The orange-necked partridge (Arborophila davidi) is a species of bird in the family Phasianidae. It is found in eastern Cambodia and southern Vietnam. Its habitats are lowland forests, shrubland, and plantations. It was described in 1927 and rediscovered in 1991. It is threatened by habitat loss, and the International Union for Conservation of Nature (IUCN) has assessed it as a near-threatened species.
This species was described by Jean Théodore Delacour in 1927. The specific name is derived from André David-Beaulieu, a French colonial administrator who collected the type specimen earlier in 1927. There are no subspecies.
The orange-necked partridge is about 27 cm (11 in) long and weighs about 241 g (8.5 oz). The forehead and crown are dusky, and the nape is mottled brown. A black band extends from the beak to the sides of the neck, and a whitish band extends from the eye to the neck-sides, becoming orange. There is also a black breast-band. The chin is pale buff, and the throat is rusty-orange. The breast is olive-brown, and the belly is greyish and whitish. The flanks have black and white scallops. The back and rump are olive-brown, with dark brown bars. The wing coverts have black and grey bands. The eyes are brown, the beak is black, and the legs are pinkish.
Distribution and habitat
The orange-necked partridge is found in southern Vietnam and a small area in Mondulkiri, Cambodia. It lives in forest in hills at elevations of 120–600 m (390–1,970 ft), preferring bamboos. It also occurs in some disturbed habitats, including scrubs, bamboos and logged plantations. In Vietnam, it occurs in several national parks and state forest enterprises. All of the individuals recorded in a 2005 survey lived less than 2 km (1.2 mi) from water.
Little is known about this partridge's behaviour. The territorial calls are a repeated, accelerating prruu, becoming pwi at higher pitches, and also a series of fast tu notes. In duets, the other bird responds with tchew-tchew-tchew. The alarm call is a pher or phu.
After its discovery in 1927, the orange-necked partridge was "lost" until its 1991 rediscovery in Cát Tiên National Park. Subsequent surveys have found it in several sites in Vietnam, possibly because of improved survey techniques. It was first recorded in Cambodia in 2002, using a camera trap, and later records in Cambodia have all been in the same site. The IUCN assessed it as a critically endangered species, downlisting to endangered in 2000 and to near threatened in 2009. The population is estimated to be nearly 10,000. It is threatened by logging, forest clearance and hunting. The population is declining, but the decline is probably not rapid because the bird seems to tolerate some forest degradation, so it is assessed as near threatened even though its population and range are both small.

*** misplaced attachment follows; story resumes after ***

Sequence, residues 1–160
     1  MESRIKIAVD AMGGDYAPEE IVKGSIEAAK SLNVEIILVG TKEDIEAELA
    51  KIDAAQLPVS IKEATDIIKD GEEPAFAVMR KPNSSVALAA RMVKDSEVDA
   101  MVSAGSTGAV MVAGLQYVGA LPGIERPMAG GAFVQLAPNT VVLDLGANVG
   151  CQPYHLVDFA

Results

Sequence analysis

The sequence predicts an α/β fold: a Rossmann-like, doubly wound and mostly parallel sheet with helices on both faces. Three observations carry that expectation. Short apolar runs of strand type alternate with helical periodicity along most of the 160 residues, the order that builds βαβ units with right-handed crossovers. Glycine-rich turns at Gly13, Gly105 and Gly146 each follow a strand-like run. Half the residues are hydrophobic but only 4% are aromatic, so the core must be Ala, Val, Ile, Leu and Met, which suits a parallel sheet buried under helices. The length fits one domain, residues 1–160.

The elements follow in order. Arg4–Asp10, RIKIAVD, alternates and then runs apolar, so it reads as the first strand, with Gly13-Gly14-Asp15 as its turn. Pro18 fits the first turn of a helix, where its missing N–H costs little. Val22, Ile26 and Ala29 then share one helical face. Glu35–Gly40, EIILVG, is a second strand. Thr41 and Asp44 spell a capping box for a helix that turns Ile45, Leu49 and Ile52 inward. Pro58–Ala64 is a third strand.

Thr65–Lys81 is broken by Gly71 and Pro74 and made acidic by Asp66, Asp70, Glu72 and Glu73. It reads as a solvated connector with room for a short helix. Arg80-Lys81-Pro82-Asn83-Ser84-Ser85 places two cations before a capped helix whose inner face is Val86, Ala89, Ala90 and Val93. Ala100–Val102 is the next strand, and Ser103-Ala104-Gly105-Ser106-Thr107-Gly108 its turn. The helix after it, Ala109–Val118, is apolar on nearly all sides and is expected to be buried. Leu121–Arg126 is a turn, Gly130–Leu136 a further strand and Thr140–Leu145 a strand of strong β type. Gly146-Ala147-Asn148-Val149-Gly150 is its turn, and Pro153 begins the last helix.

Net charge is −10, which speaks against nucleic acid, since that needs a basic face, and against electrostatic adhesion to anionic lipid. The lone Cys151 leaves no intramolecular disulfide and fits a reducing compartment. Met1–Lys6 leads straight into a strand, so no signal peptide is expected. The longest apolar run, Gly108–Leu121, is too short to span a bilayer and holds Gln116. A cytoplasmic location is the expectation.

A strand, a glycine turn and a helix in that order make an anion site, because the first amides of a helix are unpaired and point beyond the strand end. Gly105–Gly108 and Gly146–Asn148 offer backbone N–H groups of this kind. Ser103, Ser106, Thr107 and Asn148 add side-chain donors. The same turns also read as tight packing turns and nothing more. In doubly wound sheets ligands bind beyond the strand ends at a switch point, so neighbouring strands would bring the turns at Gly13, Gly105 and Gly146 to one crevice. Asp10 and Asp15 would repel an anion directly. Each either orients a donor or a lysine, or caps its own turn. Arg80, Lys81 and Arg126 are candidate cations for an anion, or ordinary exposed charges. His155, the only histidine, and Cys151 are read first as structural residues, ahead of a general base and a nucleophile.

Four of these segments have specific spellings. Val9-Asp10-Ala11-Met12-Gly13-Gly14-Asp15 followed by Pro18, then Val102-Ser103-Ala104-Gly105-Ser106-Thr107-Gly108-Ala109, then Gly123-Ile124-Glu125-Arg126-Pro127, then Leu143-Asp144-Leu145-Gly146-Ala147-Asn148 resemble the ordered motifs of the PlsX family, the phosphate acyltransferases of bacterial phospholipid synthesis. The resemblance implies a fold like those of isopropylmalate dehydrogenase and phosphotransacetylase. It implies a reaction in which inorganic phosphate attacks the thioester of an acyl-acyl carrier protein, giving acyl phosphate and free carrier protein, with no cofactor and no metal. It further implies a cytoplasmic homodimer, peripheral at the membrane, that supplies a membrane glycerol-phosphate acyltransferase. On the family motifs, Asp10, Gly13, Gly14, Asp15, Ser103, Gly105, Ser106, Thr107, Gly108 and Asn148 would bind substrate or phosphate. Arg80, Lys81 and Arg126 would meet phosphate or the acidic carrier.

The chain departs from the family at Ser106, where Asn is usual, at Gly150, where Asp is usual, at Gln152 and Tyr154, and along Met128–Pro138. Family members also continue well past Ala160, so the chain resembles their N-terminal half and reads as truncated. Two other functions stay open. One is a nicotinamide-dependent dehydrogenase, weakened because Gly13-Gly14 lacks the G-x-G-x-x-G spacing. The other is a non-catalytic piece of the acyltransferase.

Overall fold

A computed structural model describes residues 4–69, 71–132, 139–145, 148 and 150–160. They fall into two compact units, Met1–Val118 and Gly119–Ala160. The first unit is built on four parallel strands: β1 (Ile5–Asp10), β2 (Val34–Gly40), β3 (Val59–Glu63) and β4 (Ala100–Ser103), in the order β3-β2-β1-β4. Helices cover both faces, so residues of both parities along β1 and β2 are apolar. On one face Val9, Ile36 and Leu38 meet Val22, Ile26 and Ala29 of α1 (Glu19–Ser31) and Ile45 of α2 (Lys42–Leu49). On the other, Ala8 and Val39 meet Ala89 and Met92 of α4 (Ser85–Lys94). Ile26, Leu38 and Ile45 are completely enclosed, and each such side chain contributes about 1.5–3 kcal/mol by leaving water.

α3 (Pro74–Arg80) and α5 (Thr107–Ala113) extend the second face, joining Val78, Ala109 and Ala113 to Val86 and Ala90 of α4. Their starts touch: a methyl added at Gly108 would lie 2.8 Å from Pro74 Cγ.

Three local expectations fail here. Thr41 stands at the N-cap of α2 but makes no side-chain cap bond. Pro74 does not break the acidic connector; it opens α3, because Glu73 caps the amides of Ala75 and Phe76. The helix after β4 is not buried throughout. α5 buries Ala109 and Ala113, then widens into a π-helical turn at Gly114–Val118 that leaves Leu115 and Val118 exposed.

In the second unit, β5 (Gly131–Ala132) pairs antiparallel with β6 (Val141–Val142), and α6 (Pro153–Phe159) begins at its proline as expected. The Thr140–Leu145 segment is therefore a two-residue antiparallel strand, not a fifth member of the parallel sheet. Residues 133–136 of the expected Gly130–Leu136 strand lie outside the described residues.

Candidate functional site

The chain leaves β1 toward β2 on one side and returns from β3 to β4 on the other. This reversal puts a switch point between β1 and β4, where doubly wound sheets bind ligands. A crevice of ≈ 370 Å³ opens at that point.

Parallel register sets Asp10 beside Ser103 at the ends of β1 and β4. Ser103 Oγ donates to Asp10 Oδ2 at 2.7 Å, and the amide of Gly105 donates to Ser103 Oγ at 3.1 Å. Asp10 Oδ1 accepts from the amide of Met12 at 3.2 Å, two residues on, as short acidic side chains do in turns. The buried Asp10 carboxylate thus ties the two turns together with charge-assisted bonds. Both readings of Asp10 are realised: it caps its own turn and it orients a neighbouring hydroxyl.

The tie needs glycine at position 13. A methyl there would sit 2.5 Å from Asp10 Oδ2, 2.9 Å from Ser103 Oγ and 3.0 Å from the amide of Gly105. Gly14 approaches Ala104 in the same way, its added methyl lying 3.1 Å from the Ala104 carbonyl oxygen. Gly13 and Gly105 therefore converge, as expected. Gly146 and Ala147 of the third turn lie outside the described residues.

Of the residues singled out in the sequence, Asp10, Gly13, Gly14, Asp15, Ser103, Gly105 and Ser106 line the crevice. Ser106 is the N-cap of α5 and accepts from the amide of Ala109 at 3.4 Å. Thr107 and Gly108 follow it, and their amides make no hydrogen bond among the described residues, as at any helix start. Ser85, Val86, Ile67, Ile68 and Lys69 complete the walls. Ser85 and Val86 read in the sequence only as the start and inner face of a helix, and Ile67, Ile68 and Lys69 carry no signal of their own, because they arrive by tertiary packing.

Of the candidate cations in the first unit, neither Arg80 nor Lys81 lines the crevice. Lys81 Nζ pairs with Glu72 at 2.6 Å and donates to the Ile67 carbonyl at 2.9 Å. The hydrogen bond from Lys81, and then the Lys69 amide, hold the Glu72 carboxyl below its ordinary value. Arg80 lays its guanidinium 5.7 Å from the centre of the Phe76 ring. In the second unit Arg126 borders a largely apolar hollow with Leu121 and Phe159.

In 2000, the orange-necked partridge appeared on a national stamp of Vietnam.
- BirdLife International (2019). "Arborophila davidi". IUCN Red List of Threatened Species. 2019: e.T22679054A136669497. doi:10.2305/IUCN.UK.2019-3.RLTS.T22679054A136669497.en. Retrieved 16 November 2021.
- Delacour, J. (1927). "New Birds from Indo-China". Bulletin of the British Ornithologists' Club. 47: 169.
- Jobling, James A. (2010). Helm Dictionary of Scientific Bird Names. Bloomsbury. p. 131. ISBN 9781408133262.
- Madge, Steve; McGowan, Phil (2010). Pheasants, Partridges & Grouse: Including buttonquails, sandgrouse and allies. Bloomsbury. p. 261. ISBN 9781408135655.
- Le Manh Hung; Nguyen Manh Ha; Tran Thieu Du; Tran Duc Ai; Vuong Duy Lap; Vu Thanh Phong (2006). The Status and Distribution of Orange-necked Partridge Arborophila davidi in Binh Phuoc Province, Vietnam (PDF) (Report).
- Nguyen, Tran Vy; Savini, Tommaso; Carroll, John P. (2014). "Defining the Present Range of the Orange-necked Partridge (Arborophila davidi) in Vietnam" (PDF). Natural History Bulletin of the Siam Society. 60: 23–30.